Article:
The Bledsoe Show

Ryan Frisinger: Optimizing and Restoring Health With Our Environment #75

Guest: Ryan Frisinger

Ryan Frisinger is a biohacker, techno-shaman, and visionary, who helps individuals restore health and vitality by designing customized health programs that address genetic weaknesses, nutritional deficiencies, emotional traumas, and performance issues. By transforming advanced multidisciplinary research into potent programs, Ryan provides each individual with an operator’s manual for their unique body.

His client base includes professional athletes, type-A high performers, autistic children, and individuals with autoimmune diseases, neurological disorders and other chronic illnesses. Ryan’s programs offer solutions for the world’s most difficult health problems and help people transform their health and performance.

In this episode, Ryan shares a lot of concepts and methodologies on how to live healthy in conjunction with our environment. We go over the role of science vs. shamanic healing, object oriented ontology, how the 6th grade extinction is a bigger problem than climate change, why nature doesn’t need us, why trauma isn’t necessarily bad for us, and much more.

Enjoy!

-Mike


Science doesn’t measure everything

Ryan Frisinger is a humanity interdisciplinary researcher, who takes abstract concepts and biomarkers that happen in invisible structures in the body, and tries to make sense of it, so we can do something with it clinically.

Turns out, our health has to do with more than what we can (currently) visibly measure. Some humans found out that science is not always right, which was proved by shamanic healing, a more global approach. Often times, people manifest things from their ancestors into their lives. There are people who suffer in this lifetime because of bad karma from their ancestors.

“If you don’t understand the self, and you don’t have a way to connect to the self, then it becomes very hard for nature to operate as it should.” — Ryan Frisinger

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Key Takeaways

  • Consciousness is just an awareness that there is something beyond the eyes that are looking out at the world  —  You’re connected not only to yourself, but also to something in the cosmos.
  • Object oriented ontology  —  Our relationship to objects outside of ourselves, which allows us to think through what it might take for other beings to take space.
  • 6th grade extinction  —  We’re losing species at a rate that is very alarming. In the last several hundred years, we lost about 50% of the world species. Ryan considers this problem more alarming than climate change, as many of the species are important for our ecosystem’s health.
  • Rewilding movement  —  There are efforts around the world to reintroduce wild animals to our ecosystem. Ever since we got rid of carnivores and other wild animals, the rest of our ecology has been falling apart. Nowadays, there are more (and more resilient) flu’s , more lyme disease, and other bacterias that are the result of urbanization.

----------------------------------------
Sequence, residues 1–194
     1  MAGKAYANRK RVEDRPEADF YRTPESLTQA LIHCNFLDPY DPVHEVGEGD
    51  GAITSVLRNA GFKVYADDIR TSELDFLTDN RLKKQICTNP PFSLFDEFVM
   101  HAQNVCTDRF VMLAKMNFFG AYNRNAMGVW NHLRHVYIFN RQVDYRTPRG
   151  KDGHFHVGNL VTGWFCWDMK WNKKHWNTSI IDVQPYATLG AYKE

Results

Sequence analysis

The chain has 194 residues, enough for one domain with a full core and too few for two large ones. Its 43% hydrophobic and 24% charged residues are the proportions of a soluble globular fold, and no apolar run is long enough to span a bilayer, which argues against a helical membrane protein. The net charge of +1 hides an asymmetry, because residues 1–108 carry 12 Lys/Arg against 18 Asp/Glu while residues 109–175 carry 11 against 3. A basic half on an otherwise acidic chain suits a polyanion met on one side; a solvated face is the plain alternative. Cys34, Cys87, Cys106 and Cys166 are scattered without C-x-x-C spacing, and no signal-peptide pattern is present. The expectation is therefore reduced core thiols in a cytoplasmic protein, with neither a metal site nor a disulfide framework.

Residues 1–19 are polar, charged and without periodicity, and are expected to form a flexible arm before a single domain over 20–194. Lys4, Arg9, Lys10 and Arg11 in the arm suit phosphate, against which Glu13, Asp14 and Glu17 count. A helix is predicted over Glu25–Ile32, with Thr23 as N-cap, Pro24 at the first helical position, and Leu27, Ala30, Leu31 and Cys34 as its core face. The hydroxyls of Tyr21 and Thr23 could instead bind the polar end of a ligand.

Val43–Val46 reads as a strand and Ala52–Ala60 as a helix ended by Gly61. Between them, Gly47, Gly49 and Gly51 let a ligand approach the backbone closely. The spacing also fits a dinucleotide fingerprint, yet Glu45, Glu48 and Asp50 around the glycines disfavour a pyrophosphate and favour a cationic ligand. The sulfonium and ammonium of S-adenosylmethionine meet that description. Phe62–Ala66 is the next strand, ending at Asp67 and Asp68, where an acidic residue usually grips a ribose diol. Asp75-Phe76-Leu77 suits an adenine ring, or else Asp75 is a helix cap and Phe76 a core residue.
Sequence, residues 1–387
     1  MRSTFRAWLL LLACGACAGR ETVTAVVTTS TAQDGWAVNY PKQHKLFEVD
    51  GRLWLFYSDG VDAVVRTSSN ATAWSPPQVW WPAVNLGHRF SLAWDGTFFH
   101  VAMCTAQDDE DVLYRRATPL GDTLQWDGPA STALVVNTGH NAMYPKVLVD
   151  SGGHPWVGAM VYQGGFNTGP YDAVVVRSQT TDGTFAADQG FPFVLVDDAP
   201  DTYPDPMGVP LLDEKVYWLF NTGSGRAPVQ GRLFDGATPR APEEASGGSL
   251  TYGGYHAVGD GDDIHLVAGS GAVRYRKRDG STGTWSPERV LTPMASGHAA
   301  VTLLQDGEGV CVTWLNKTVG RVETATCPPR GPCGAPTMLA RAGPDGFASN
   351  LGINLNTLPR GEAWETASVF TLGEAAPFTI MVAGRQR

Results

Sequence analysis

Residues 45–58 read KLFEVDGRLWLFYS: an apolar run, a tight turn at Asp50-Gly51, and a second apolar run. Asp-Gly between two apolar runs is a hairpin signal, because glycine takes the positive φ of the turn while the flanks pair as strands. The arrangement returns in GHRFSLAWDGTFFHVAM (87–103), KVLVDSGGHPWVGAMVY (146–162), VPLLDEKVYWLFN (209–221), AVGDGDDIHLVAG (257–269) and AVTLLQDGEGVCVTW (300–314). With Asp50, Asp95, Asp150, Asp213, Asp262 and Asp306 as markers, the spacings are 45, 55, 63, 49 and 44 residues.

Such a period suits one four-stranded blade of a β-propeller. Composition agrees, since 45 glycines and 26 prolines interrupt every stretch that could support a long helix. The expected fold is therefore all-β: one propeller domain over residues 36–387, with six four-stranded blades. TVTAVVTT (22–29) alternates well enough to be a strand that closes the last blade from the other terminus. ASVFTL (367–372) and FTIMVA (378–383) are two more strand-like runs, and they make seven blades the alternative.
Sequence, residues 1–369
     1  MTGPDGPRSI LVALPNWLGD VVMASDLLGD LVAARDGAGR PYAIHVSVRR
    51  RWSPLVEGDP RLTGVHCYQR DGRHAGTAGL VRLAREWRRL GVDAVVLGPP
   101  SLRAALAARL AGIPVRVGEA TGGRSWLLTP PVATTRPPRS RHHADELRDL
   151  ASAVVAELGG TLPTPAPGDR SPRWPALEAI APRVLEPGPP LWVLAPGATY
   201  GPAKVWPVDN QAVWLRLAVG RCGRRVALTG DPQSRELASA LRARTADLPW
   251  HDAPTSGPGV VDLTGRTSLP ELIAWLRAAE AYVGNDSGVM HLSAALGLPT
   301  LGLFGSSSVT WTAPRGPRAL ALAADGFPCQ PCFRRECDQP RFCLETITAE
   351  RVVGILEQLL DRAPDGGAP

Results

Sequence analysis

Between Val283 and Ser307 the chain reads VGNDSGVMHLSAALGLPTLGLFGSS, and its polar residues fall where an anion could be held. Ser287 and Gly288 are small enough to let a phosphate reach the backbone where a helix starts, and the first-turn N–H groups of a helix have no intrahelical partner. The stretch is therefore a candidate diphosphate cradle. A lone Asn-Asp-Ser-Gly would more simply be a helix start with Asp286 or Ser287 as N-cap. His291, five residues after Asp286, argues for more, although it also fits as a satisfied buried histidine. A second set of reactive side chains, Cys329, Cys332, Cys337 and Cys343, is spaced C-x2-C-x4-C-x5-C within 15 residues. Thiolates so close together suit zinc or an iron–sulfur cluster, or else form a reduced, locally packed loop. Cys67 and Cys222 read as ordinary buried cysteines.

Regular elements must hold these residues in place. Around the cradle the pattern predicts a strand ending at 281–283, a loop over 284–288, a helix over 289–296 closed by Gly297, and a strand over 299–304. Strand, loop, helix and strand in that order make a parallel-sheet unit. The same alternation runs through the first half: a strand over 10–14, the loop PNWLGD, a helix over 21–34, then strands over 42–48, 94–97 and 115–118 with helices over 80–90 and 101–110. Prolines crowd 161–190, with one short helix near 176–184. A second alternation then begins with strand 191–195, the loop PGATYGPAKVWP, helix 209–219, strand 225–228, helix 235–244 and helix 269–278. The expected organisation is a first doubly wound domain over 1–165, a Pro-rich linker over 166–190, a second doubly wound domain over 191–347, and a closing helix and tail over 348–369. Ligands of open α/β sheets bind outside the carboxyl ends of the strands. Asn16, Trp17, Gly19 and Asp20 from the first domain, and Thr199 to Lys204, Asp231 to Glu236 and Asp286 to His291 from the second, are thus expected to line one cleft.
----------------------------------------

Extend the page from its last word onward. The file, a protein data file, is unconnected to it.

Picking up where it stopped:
• Nature doesn’t need us  —  Nature doesn’t need humans, and it will survive without us, just like it did before we were here. If anything, the human impact makes the world’s ecosystem weaker. Our industrial practices, littering, and deforestation, are just a few of the harmful things humans are responsible for.
  • Children that were born with difficulties usually need more sunlight and hydration to build up their immune system  —  A lot of children (and adults) are deficient in vitamin D. If your kid has an ear or sinus infection, or a mild flu, it’s usually a good idea to get your kid out in the sun, and make sure he’s eating well and well hydrated. For example: Drinking broth, rich in amino acids, is a good idea. Most ear infections and strep throat are viral, and happen when thyroids aren’t working well. It’s also a good idea to not expose your kids to a lot of blue light, and treat infections with immune modulating herbs rather than antibiotics. Usually, you don’t want to treat infections early and kill them with antibiotics, it’s better to let children develop their immune system on their own.
  • Children that were born via C-section, weren’t breast fed, born pre-maturely, or had any type of birth difficulties, probably have a low immune system  —  And probably inherited it from their mother. Sunlight, controlling sugar intake, and hydrating are the top things to do to boost their immune system. If you see an infection going over and over again, ask yourself if you’re using the right treatment for your kid. Learning how to hold space for a child that is in discomfort will also make a child more resilient. Keep in mind, hormones and antibiotics that aren’t metabolized well with the body can cause infections.
  • If you are experiencing brain fog, then there is something in the body that is not working well  —  The brain is very hungry for energy, and brain fog usually comes from infections, environmental toxins, or mitochondrial weaknesses. It can come from multiple or single places. If your brain is not operating as it should, you should figure out your relationship to light cycles, and how you are managing stress. You may also want to get genetic testing.
  • If you’re not feeling well, try to fight it for a couple of days before you take any medication  —  If after a couple of days it doesn’t get better, then look into it. Don’t take Advil, ibuprofen or other medicine when you feel a little sick. Most of the time it will work against you.
  • Trauma is not necessarily bad and shouldn’t be shamed  —  All of us experienced some sort of trauma in our life, and we shouldn’t be ashamed of it, or keep it inside. Trauma is just a part of life, and we should learn how to deal with it on a societal level.


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